Health Official Slams Sex-Selection Abortions: Killing a Baby Just Because She’s a Girl is “Murder”

International   |   Micaiah Bilger   |   Dec 8, 2017   |   1:32PM   |   New Delhi, India

A government health official in India recently gave a passionate speech about protecting baby girls from sex-selection abortions and infanticide.

The targeting of young girls for sex-selection abortions has become a national crisis in India where males vastly outnumber females. Government leaders have been working to crack down on the discriminatory practice, but unborn girls continue to be targeted.

During a recent healthcare summit in the state of Rajasthan, India, state health official Naveen Jain explained how his office devotes a lot of its efforts to ending sex-selection abortions, according to eHealth Magazine.

“When I joined this department, I never thought that we will make female foeticide our core issue,” Jain said.

While working legally to shut down facilities and doctors that perform sex-selection abortions, Jain said the department also is trying to educate people culturally about the value of girls and of unborn babies in general.

Jain said:

Usually, people think that the abortion does not kill anybody as there is no life in the foetus in the first few months of its development. But it is a myth. We all should know that a three-month-old foetus is a complete child in itself. It only needs to grow further. However, this truth is not known to the people. I, therefore, believe that abortion is equivalent to murder. A three month old foetus can feel pain. It can feel tickling and responds to it.

The gender imbalance in India is one of the worst in the world. The 2011 India census data indicates there were 914 girls for every 1,000 boys under age 7, according to the BBC. In some parts of the country, the population imbalance was even worse. In the state of Tiruvannamalai, men outnumbered women at a ratio of 1,000 to 878.

Jain said he knows that the laws are not enough: Cultural attitudes need to change, and he believes everyone in India can help end the pervasive discrimination.

He described how he talks to families about their daughters:

When I ask people that why they think that daughters should not be born and then I try to break their myths one by one. I believe that those people who think that the problem of female foeticide is not their own, will soon realise through this campaign that they could have stopped it or do something about it.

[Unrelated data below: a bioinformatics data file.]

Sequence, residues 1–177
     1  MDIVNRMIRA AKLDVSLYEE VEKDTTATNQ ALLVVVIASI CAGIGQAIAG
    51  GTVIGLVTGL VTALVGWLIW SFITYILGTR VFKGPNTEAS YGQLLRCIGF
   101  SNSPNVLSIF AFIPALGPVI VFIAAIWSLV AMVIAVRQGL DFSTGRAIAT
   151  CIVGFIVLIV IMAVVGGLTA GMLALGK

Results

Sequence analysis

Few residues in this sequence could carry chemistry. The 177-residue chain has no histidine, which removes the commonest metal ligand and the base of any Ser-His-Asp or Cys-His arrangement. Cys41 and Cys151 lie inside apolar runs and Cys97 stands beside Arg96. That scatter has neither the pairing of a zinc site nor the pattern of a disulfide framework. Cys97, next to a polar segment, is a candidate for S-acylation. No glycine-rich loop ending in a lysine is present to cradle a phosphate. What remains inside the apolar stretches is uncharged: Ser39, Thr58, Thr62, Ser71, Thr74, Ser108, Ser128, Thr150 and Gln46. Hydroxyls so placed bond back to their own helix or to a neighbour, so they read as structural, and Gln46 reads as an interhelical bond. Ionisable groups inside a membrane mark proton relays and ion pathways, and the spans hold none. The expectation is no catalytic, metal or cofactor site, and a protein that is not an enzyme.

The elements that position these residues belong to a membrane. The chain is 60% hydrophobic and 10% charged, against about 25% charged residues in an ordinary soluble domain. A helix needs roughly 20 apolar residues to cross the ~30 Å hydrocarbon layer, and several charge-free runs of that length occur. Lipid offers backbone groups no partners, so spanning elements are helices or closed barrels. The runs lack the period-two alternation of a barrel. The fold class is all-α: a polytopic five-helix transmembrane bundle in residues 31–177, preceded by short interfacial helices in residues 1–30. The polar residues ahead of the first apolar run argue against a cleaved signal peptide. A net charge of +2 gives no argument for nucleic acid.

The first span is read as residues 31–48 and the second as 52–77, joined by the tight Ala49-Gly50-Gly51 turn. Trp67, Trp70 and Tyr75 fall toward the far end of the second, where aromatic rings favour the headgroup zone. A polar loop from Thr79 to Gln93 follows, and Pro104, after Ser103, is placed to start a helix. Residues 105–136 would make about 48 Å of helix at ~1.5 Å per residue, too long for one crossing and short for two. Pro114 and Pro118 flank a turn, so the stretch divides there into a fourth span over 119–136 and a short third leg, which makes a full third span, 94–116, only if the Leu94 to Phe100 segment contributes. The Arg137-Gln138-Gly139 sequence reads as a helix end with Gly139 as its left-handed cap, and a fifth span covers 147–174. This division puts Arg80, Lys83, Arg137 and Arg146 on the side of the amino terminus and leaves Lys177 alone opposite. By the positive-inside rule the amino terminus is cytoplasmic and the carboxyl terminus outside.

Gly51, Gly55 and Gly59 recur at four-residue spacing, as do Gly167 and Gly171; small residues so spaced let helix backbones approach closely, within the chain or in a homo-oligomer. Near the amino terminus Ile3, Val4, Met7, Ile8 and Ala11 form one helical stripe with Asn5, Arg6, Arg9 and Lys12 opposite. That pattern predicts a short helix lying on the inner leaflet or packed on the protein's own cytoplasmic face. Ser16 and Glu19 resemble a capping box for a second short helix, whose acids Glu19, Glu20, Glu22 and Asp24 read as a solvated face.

We work in two ways — we enforce law as well as create awareness among people. We may be confiscating the medical equipment involved in female foeticide, but we need to think that the demand for them is coming from the people and that’s why they are able to operate in the market.

An ideal situation would be that a man with a sex determination machine is inviting people to use it but people are saying that we don’t want to do it. Therefore, enforcement and awareness should go hand in hand.

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Like Jain, many Indian government leaders have been trying to crack down on the discriminatory practices in different ways. Sex-selection abortions and tests to determine the baby’s sex are illegal in India. In 2015, some of the nation’s leaders also put together creative social campaigns to promote the value of girls and discourage gender discrimination.

However, women continue to report harrowing abuses from their husbands and families when they conceive girls.

Last year, LifeNews reported a gruesome case where an Indian woman’s in-laws allegedly poured gas on her and tried to set her on fire because they believed she was pregnant with a girl. In March, another woman died along with her unborn baby girl after a forced, sex-selection abortion in India.

A third woman, Parveen Khan, recently described to Al Jazeera how her husband brutally abused her and bit off part of her nose because he was angry that she did not conceive a son. She said her husband also forced her to abort two of her unborn daughters.

Al Jazeera reports a recent report from the Indian Ministry of Statistics and Programme Implementation predicted an even greater gender imbalance in the next two decades, dropping from 1,000 boys to 904 girls by 2021 to 898 by 2031.

Sex selection abortions are legal in most of the United States.